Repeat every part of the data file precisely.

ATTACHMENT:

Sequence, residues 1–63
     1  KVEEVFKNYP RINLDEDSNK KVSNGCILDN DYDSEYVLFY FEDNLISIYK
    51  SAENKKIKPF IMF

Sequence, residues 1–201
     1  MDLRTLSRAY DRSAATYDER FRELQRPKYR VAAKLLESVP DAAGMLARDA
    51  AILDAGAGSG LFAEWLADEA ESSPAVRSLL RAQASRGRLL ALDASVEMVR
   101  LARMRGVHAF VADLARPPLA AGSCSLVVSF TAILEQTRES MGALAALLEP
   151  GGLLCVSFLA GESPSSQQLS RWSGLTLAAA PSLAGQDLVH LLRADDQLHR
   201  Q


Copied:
Sequence, residues 1–63
     1  KVEEVFKNYP RINLDEDSNK KVSNGCILDN DYDSEYVLFY FEDNLISIYK
    51  SAENKKIKPF IMF

Sequence, residues 1–201
     1  MDLRTLSRAY DRSAATYDER FRELQRPKYR VAAKLLESVP DAAGMLARDA
    51  AILDAGAGSG LFAEWLADEA ESSPAVRSLL RAQASRGRLL ALDASVEMVR
   101  LARMRGVHAF VADLARPPLA AGSCSLVVSF TAILEQTRES MGALAALLEP
   151  GGLLCVSFLA GESPSSQQLS RWSGLTLAAA PSLAGQDLVH LLRADDQLHR
   201  Q